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Stockton, other California cities top most-miserable list

February 3, 2011 | 12:40 pm


California seems to be getting really good these days at making it to the top of "Worst Of" lists. This time, eight of the state's cities topped a Forbes list of the most miserable cities in the country. Stockton, that crown jewel of the San Joaquin Valley, is officially the most miserable city in the nation, according to Forbes. And the ranking even came before the news that a Stockton toddler was hospitalized for consuming marijuana!

Forbes compiled the list by using 10 factors, including unemployment, tax rates, commute times, violent crime, sports teams, change in median home prices, foreclosure rates, corruption of public officials and weather. It posted the list in a photo gallery, one which editors must have had fun choosing the most miserable pictures from each city they could find. The Stockton photo shows a power plant next to a foreclosed house.

Stockton has the seventh-highest rate of foreclosure filings in the nation, Forbes said, and its violent crime and unemployment rates also rank high. The city's unemployment rate in December was 21.5%, according to the Employment Development Department.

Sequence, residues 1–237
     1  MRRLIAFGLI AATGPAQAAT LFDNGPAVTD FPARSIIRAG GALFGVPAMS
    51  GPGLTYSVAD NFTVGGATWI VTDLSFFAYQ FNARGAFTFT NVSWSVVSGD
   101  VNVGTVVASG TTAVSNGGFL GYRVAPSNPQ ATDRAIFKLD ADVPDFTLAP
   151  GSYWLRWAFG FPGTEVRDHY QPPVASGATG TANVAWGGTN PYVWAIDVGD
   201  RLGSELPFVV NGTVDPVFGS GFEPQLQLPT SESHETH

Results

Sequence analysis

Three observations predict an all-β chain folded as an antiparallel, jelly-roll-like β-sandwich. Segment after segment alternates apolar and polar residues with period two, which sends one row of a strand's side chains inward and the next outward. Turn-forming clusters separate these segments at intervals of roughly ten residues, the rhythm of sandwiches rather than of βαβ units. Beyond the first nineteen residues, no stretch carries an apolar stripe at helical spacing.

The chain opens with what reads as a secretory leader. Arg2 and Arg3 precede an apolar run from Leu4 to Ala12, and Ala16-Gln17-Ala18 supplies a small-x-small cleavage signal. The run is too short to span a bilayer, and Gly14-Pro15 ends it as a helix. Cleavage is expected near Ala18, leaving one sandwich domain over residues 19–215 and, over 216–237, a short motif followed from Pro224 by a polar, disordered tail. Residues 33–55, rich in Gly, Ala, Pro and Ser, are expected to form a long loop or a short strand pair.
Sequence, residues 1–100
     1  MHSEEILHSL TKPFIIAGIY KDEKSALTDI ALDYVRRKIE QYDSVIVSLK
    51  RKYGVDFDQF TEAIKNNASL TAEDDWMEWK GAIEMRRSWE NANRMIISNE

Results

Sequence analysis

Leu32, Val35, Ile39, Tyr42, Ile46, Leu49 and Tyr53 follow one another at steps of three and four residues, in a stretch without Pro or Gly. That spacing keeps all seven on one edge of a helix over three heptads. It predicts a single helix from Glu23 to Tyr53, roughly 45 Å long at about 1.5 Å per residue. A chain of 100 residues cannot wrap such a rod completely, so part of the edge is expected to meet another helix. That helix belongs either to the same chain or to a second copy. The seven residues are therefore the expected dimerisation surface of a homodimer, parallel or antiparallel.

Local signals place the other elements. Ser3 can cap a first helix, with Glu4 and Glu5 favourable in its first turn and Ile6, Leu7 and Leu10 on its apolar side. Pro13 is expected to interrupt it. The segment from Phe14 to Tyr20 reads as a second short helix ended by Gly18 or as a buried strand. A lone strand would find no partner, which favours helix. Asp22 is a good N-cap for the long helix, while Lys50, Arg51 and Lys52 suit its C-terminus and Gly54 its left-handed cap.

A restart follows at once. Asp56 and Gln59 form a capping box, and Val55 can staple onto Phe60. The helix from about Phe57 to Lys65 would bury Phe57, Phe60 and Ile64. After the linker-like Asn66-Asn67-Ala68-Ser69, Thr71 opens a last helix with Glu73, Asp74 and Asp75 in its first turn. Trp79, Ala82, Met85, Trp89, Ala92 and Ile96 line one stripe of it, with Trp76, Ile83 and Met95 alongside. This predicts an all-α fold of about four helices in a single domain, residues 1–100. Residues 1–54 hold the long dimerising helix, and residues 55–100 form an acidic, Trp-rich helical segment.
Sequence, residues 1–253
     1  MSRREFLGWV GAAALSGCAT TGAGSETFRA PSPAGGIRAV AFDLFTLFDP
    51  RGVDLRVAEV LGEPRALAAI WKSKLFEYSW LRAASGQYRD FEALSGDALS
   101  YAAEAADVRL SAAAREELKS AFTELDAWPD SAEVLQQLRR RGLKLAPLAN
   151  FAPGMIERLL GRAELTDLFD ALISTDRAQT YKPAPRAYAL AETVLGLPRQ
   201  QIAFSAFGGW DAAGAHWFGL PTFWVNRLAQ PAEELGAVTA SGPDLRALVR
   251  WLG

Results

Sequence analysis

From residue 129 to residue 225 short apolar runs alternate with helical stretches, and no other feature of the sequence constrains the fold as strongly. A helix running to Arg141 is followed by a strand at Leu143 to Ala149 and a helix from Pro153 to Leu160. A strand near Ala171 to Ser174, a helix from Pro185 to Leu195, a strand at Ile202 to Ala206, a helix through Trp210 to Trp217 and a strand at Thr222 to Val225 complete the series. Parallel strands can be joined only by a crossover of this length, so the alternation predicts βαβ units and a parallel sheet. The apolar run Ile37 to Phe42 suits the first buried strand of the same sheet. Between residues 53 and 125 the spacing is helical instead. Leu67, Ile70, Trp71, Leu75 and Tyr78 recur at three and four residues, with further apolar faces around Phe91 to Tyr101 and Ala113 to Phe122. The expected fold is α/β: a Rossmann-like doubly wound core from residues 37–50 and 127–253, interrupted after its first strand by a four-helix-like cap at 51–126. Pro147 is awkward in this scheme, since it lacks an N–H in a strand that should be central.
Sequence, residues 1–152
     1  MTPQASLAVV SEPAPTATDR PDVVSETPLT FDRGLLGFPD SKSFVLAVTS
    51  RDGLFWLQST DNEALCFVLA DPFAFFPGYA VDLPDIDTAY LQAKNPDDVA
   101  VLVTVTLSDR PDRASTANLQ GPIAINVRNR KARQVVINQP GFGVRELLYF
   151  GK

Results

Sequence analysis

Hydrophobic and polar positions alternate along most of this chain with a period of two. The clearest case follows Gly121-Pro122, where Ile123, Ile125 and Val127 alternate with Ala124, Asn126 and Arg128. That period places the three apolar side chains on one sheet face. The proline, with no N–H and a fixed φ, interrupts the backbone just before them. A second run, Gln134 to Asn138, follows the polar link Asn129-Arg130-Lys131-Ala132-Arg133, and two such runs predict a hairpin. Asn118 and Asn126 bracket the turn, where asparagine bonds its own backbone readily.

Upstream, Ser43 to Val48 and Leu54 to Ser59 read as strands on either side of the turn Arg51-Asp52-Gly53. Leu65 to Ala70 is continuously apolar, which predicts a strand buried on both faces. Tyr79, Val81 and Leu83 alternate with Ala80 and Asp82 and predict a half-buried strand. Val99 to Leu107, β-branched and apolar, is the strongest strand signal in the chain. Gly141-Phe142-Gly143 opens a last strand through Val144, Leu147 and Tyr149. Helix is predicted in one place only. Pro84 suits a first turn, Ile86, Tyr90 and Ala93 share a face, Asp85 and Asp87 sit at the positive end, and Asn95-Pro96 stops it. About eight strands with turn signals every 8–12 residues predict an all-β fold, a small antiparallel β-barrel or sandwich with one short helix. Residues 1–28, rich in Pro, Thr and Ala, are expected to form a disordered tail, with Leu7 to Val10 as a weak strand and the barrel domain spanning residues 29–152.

Miami is the second-most miserable city in the country, Forbes said, but California cities also rank No. 3 (Merced), No. 4 (Modesto) and No. 5 (Sacramento). Financially-strapped Vallejo is No. 9. Memphis, Tenn.; Chicago; West Palm Beach, Fla.; and Cleveland round out the top 10.

This was a contest Cleveland seemed relieved not to win this year (it took the top ranking last year). The Cleveland Leader posted a picture on its website with the phrasing: "Cleveland. Not as Miserable As It Used To Be."

Still, Cleveland, where it is 26 degrees today, beat out Fresno (No. 17), Salinas (No. 18) and  Bakersfield (No. 20), on the miserable scale. On the other hand, balmy Miami was more miserable than Cleveland, Forbes said. Apparently, no one's told LeBron James.


Where recession's effects are magnified

-- Alana Semuels

 Photo: A development under construction in Stockton. Credit: Alana Semuels / Los Angeles Times